A More Independent Japan

Back to Contents of Issue: September 2003

Now is the time for Japan to break its ties with a corrupt and confused America, argues Yoneyuki Sugita

by Yoneyuki Sugita

TODAY, THE THREAT TO world peace comes not from Iraq, Iran or North Korea -- but from the United States and its willingness to take unilateral military actions. It is necessary to contain America's behavior. Unfortunately, during the US attack against Iraq, Japan offered unequivocal support to Washington, partly because Japan expected the United States to lead the effort to eliminate the threat that Japan saw coming from North Korea, and partly because the US-Japan security treaty constrained Japan's autonomous decision-making process.

Japan's attitude demonstrates that it has been almost totally dependent on the US for its security since the end of World War II. The US occupation of Japan still lingers in the Japanese mentality. The Japanese people have been brainwashed into believing that Japan is helpless in defending itself without the US. Now is the time for the Japanese people to free themselves from this perspective. US President George Bush has stated that what the world should fear most is "outlaw regimes" that seek to possess and use weapons of mass destruction (WMD), including nuclear weapons. The US, however, has employed a two-faced diplomacy, demanding that Iraq, North Korea and other countries that Washington regards as "outlaw regimes" cease developing nuclear weapons, while at the same time allowing nuclear weapons possession by certain other countries, such as Israel and Pakistan. Moreover, the US itself maintains several thousand nuclear warheads. The blatant hypocrisy of US policies has caused doubt and dissatisfaction with US leadership in the international arena, even among those who call themselves friends of America.

The blatant hypocrisy of US
policies has caused widespread
dissatisfaction with US leadership
in the international arena

The Bush administration named Iraq, Iran and North Korea as an "axis of evil," then went on to announce the Bush Doctrine -- a statement of the US intention to preemptively strike any state sponsoring terrorism, any hostile nation possessing WMD and even any state that might someday pose a threat to US military superiority. It is not unreasonable to expect any nation that feels threatened by this doctrine to try to defend itself. Thus an atomic vicious circle begins. Iraq and North Korea do not deserve to be blamed in isolation. The US must share equal responsibility for encouraging the dangerous military adventurism of these two countries.

The 9/11 terrorist attacks precipitated an upsurge in US nationalism, uniting the country around the Bush administration. Bush is the first US president since 1888 to enter the White House without winning the popular vote. The terrorist attacks presented Bush with a golden opportunity to earn more respect for his presidency by resorting to military action dressed up as righteous American justice. Many high-ranking US officials see international relations only through the lenses of good and evil. These hawks, such as Secretary of Defense Donald Rumsfeld and Vice President Richard Cheney, believe that the United States is militarily and morally powerful enough to make unilateral and uncompromising demands for regime change anywhere in the world. The so-called moderates, however, with Secretary of State Colin Powell as the most famous, try to add a dose of international cooperation to US foreign policy-making. In the wake of 9/11, the hawks found themselves with a greatly strengthened hand, which put them in a position to exercise considerable influence over policy. The rise of these unilateralist hawks is attributed to an American intoxication with power that comes with now being the dominant superpower.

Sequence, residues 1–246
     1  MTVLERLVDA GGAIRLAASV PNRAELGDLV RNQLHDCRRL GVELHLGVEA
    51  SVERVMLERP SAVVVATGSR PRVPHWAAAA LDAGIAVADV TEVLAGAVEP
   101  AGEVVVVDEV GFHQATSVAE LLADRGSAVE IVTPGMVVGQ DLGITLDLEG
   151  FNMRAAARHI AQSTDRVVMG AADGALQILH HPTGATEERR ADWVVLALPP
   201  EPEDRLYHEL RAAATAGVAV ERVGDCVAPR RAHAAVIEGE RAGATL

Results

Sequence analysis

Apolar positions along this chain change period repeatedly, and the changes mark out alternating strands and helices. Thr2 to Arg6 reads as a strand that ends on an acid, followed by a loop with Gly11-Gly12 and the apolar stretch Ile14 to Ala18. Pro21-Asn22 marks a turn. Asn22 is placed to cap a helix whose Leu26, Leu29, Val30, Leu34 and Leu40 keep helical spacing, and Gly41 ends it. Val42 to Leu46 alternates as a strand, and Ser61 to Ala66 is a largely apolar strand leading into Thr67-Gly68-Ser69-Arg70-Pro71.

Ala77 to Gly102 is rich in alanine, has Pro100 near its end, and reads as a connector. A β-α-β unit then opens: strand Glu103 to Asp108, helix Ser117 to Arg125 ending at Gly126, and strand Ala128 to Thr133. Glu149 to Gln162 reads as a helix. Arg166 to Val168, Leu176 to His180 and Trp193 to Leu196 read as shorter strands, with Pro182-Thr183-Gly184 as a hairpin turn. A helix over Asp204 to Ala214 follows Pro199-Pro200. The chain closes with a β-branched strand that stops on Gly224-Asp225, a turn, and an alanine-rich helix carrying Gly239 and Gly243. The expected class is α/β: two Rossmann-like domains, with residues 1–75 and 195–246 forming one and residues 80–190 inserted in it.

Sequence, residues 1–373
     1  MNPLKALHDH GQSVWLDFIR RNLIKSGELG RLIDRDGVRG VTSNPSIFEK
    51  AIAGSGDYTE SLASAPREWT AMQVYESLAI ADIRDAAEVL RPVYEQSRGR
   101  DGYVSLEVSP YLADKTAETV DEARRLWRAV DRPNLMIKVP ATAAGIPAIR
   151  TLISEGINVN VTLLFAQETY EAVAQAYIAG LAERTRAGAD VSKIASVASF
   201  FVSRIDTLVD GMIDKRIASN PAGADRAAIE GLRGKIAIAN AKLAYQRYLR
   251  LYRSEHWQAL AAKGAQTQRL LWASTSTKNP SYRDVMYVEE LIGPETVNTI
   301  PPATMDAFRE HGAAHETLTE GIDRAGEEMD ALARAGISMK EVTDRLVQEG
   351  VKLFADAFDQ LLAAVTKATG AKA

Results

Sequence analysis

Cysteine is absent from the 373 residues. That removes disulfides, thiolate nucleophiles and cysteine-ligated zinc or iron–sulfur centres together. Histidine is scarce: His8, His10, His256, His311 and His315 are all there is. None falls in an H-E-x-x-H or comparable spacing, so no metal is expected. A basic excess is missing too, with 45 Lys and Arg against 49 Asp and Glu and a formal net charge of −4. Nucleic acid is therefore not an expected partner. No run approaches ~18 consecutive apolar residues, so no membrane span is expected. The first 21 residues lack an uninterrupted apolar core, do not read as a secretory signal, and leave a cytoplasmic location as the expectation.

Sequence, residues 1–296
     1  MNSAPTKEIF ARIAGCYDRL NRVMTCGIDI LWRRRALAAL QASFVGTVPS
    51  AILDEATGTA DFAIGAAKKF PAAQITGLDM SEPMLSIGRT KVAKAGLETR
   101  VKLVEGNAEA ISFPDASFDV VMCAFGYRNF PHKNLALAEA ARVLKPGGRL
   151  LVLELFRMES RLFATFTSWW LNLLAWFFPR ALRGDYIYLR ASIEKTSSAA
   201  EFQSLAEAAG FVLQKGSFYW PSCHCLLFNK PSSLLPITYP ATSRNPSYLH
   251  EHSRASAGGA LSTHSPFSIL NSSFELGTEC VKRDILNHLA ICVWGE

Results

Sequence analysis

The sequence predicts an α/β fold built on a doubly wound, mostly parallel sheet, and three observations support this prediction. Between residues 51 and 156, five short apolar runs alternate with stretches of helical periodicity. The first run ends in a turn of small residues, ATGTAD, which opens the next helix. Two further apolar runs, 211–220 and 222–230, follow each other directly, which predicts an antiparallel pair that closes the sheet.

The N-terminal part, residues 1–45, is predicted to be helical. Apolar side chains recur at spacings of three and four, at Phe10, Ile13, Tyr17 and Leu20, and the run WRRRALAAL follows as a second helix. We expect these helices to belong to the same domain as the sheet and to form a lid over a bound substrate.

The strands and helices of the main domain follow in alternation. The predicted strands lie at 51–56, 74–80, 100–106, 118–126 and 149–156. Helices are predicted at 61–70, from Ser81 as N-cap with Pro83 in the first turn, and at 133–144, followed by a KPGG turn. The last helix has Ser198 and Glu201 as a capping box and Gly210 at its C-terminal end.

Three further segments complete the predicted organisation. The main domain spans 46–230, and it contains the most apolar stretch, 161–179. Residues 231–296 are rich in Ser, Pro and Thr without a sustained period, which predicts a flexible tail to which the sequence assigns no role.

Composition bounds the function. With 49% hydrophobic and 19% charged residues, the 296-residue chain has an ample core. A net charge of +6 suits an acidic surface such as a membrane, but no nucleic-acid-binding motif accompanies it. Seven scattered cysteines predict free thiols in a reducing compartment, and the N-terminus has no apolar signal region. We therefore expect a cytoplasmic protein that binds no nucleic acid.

In September 2002, Bush asserted that as terrorist organizations were different from nation-states, "traditional concepts of deterrence will not work." Hence, he formally regarded preventive attack as self-defense in dealing with terrorists. Article 51 of the United Nations Charter recognizes that use of military force is legitimate in self-defense, but the US argument substantially deviates from the spirit of this provision. What are Japan's desirable options for crafting a security policy that responds to the current global political realities? An effort by any one country to organize its security structure involves a dynamic process. Japan should nourish a sense of its own independence while simultaneously making continuous efforts to build steadfast forms of cooperation with neighboring countries. One option for Japan is to maintain the status quo. This would mean a sizeable US troop presence and gradual reinforcement by Japan of its defense capabilities. Japan would continue its postwar focus on what has been its top priority, economic growth, and retain a pacifism based on a constitution that contains a peace clause. It would also continue to make as little contribution as possible to its own military defense and to the military programs designed by the US. Adhering to the status quo would mean keeping the same degree of subservience to Washington. If Japan wants to stand on its own two feet in the international community, it needs to reject the status quo. But the memory of Japan's aggression before and during the Asia-Pacific War means that it cannot move toward creating an independent security posture in a vacuum.